The Women's World Cup is the biggest soccer event of 2023, with high hopes from the world and sponsors, but the anterior cruciate ligament could be the biggest obstacle to the event's normal operation. Women's Ballon d'Or winner Putlas was injured before last year's European Championships, which led to a missed tournament and shattered Spain's dream of winning the title. French striker Catoto was injured in the second group stage match against Belgium Women, and she was the favorite to win the European Championship Golden Boot, but she withdrew early. At this summer's Women's World Cup, it is not known whether more female soccer stars will be absent with cruciate ligament injuries.
【Special period, especially fragile】
Previous studies have concluded that changes in estrogen levels in women during the menstrual cycle affect the physiology and biomechanics of the body, leading to joint laxity, which increases the pressure and pull on the anterior cruciate ligament. According to women's health expert Dr. Emma Ross, estrogen levels rise in the second week of the menstrual cycle, which directly affects the stability of the knee and interferes with the collagen in the knee joint, resulting in looser joints than at other times. Lewin, a physiotherapist at Arsenal Women, also agreed with the findings: "This is a special injury phase for female players compared to male players. Different phases of the menstrual cycle can lead to varying degrees of fatigue, poor physical coordination and loss of muscle strength. ”
Dr. Katrin Krieger believes that female players have smaller feet than men in shape and volume, and that running and performing technical movements have a greater impact on the knee ligaments. The senior lecturer in sports rehabilitation at St Mary's University in London also admits that female players are at least 2-5 times more likely to suffer an ACL injury than male players. As the intensity and density of women's professional league games increases, so does the probability of injury. Many sports brands are investing more money and researchers than ever before to develop sneakers specifically for the Women's World Cup, but a lack of consideration for the specificity of women's bodies will increase the likelihood of knee ligament injuries in female footballers to some extent.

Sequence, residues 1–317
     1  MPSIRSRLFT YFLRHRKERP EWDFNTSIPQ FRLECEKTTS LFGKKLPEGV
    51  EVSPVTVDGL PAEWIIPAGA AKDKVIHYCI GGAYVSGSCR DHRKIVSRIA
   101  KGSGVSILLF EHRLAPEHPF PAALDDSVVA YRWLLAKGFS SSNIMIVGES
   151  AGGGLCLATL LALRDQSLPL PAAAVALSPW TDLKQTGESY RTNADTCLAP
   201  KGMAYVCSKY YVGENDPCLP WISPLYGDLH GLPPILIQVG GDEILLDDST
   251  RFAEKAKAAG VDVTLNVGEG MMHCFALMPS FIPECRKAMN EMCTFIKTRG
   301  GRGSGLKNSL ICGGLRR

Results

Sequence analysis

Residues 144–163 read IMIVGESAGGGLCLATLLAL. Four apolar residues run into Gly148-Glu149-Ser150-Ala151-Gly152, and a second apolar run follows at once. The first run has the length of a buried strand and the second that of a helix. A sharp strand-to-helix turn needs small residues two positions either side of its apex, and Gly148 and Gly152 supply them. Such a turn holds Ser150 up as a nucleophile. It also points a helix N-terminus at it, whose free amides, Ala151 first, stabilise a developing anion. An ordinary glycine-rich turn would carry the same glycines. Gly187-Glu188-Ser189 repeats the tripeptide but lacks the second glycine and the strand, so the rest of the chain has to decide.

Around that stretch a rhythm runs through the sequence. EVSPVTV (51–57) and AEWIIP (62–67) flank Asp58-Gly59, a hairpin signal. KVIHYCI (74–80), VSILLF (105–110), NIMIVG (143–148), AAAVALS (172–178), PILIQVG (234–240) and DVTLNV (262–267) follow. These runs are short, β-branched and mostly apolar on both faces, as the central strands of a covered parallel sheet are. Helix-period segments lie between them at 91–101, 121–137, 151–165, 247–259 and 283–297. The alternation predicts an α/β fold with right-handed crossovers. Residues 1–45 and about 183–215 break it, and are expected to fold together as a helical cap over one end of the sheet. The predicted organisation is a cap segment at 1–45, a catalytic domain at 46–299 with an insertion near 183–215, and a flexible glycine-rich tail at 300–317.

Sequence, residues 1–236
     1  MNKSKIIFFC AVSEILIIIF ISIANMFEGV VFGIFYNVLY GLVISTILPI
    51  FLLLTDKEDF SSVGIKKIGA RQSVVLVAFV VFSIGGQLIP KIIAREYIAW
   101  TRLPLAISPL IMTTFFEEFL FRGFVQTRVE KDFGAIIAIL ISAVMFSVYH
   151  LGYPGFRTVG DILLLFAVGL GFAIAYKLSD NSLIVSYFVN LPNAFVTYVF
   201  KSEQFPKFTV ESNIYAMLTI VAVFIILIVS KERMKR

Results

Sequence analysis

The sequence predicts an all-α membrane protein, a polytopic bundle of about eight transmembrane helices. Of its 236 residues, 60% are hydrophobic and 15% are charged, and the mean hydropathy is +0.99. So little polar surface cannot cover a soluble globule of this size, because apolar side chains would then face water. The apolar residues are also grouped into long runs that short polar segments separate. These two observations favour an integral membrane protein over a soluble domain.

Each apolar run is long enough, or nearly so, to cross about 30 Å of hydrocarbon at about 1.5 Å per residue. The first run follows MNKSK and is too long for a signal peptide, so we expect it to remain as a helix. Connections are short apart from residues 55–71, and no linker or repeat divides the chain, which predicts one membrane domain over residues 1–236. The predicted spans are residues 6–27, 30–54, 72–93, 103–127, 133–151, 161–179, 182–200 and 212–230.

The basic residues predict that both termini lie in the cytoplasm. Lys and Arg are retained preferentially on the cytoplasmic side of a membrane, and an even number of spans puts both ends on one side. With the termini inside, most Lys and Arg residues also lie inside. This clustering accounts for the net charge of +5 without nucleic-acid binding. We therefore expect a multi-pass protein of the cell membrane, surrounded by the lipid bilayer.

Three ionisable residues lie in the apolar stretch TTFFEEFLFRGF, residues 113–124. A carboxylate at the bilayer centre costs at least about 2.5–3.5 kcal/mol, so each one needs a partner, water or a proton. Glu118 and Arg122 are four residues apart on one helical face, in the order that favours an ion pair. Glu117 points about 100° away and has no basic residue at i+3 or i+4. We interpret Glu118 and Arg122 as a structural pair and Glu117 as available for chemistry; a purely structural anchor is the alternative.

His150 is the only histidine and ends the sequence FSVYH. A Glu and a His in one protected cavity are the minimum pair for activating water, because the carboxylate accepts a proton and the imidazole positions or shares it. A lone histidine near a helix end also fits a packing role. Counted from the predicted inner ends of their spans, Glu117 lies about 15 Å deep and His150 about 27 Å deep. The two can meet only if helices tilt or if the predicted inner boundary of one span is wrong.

Manchester United women's defender Aoife Mannion suffered two cruciate ligament injuries in less than two and a half years, missing 458 days and making just 11 appearances during the two injuries. She ruptured her second ligament in March last year and is only recently ready to return to competition after eight months of rehabilitation. Dr. Emma Ross believes that to avoid more cruciate ligament injuries, women's clubs and national teams need to start closely monitoring estrogen levels in female football players, understanding the cycle pattern and injury risk of each female football player.
Kestiy Searle, a professor at Manchester Metropolitan University's School of Sport, stressed that it is more important not to risk a comeback lightly, and returning to the pitch too early could cause more damage, which is the key to affecting a player's career. Because the recovery period for each injury will be as long as 6-9 months, it is difficult for the player to return to the peak after two injuries, which may end his career. In addition, there is also a huge gap between the sports medical resources available to top female football players and men's football, which is also one of the reasons why female football players have a higher probability of cruciate ligament injury.
Women's football has indeed ushered in a blowout in recent years, but it has not followed up in sports medicine research, resources and high-tech facilities, resulting in this huge gap.